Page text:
Sep 12, 2014 · 2 minutes

Uber has backed down from a controversial policy change that forced all drivers to accept requests for UberX rides, which cost less than Uber's other offerings. This comes after more than 1,000 drivers protested the change in New York and Los Angeles throughout the month of September.

Slate reports that the company backed down from its decision after suspending multiple drivers from its service who declined too many requests for UberX rides when the new policy took effect. Some drivers were banned for 24 hours; once their accounts were reactivated, they were told that accepting less than 90 percent of ride requests could result in yet another suspension.

The change highlights Uber's reliance on its drivers. Without them, all it has is an empty app and a lot of upset investors who believe that the company will change the future of transit. As Michael Carney notes, Drivers are starting to realize their importance to the company:

Uber and its competitors have displaced the legacy taxi industry by making local transportation a more attractive proposition for both riders and drivers. Like any two-sided marketplace, it takes a balance among both groups for things to function efficiently. If Uber has trouble retaining drivers things come to a screeching halt rather quickly.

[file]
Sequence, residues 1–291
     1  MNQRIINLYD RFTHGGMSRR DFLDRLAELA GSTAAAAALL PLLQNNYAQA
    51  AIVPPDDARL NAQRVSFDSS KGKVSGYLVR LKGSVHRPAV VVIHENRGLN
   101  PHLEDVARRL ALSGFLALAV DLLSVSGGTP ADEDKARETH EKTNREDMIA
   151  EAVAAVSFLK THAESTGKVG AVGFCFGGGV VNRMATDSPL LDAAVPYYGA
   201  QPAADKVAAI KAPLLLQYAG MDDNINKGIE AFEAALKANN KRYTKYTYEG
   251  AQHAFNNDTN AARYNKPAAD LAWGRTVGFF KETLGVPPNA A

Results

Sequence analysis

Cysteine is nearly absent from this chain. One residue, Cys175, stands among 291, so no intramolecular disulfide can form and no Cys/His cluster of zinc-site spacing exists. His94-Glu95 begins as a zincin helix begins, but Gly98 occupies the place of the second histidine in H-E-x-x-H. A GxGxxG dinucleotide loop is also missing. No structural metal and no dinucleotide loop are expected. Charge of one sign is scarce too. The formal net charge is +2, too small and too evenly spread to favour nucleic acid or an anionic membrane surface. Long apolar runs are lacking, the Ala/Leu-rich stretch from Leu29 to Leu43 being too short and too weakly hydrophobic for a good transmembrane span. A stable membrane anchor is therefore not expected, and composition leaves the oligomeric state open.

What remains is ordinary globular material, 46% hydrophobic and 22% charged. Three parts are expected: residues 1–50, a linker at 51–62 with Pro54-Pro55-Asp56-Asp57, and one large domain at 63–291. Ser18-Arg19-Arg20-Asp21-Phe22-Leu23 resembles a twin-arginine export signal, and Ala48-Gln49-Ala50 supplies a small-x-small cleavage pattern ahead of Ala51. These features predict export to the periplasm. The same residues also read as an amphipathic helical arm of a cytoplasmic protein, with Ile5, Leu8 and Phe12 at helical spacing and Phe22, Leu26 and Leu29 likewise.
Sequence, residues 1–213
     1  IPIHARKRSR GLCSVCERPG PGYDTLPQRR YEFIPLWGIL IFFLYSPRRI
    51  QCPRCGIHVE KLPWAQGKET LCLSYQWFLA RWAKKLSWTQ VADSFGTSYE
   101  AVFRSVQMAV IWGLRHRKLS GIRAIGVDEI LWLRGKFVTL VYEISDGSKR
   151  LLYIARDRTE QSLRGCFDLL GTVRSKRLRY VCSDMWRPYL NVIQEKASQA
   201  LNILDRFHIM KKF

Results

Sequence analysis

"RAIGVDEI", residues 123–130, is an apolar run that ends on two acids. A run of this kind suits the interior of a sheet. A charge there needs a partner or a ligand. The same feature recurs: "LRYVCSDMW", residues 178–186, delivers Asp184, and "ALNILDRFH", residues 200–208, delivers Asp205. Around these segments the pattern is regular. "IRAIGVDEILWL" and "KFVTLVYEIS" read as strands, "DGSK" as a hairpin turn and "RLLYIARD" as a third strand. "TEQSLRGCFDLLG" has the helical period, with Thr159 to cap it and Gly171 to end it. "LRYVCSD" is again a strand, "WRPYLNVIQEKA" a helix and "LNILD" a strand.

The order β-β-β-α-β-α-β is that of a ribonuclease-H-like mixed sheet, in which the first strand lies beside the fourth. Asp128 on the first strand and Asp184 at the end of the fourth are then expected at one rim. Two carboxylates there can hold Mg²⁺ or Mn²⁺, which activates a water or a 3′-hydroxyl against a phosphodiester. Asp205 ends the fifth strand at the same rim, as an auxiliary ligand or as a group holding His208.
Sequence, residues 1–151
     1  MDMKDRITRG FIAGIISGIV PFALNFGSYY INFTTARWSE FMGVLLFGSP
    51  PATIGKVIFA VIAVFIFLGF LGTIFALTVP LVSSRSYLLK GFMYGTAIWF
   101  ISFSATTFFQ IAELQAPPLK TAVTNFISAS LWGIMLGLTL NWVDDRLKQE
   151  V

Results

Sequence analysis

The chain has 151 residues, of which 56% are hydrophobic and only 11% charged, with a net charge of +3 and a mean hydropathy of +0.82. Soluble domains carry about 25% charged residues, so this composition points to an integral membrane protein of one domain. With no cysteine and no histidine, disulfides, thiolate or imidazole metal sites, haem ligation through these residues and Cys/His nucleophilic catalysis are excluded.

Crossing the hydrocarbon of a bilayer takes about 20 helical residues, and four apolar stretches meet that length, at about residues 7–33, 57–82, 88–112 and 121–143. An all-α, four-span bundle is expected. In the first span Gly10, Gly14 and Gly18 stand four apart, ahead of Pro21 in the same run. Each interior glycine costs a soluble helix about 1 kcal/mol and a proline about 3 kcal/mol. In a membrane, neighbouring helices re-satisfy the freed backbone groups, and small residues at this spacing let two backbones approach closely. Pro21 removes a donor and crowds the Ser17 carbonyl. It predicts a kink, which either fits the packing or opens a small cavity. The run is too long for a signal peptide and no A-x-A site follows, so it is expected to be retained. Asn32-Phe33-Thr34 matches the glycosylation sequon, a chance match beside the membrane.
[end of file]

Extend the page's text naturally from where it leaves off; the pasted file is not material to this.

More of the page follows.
No wonder Uber CEO Travis Kalanick is counting down the days until he can replace these flesh and blood drivers with driverless vehicles. Oh, the efficiency! There's another factor working against Uber in its bid to increase the number of vehicles available to those who don't want to pay hundred-dollar fares to get around New York: its service's similarity to countless other ride-on-demand services that make all the same promises as Uber and, in many cases, use the same drivers to serve ride requests made through their apps.

The drivers are starting to realize that this gives them power, too. BuzzFeed reported last night that many striking Uber drivers switched to accepting ride requests from Lyft users instead of Uber's customers, allowing them to protest the policy change without forcing them to give up their primary source of income in the interim. So far as strike tactics go, that one's solid.

Uber has made a habit of picking battles with regulators and legislators alike, and it often keeps on attacking them until they finally decide to let it do whatever it wants. Now it seems that the company can't use similar tactics with its drivers, many of whom are starting to realize that they are the ones keeping all these ride-on-demand services in business, not the other way around.

[Image via Alex Diaz, Twitter]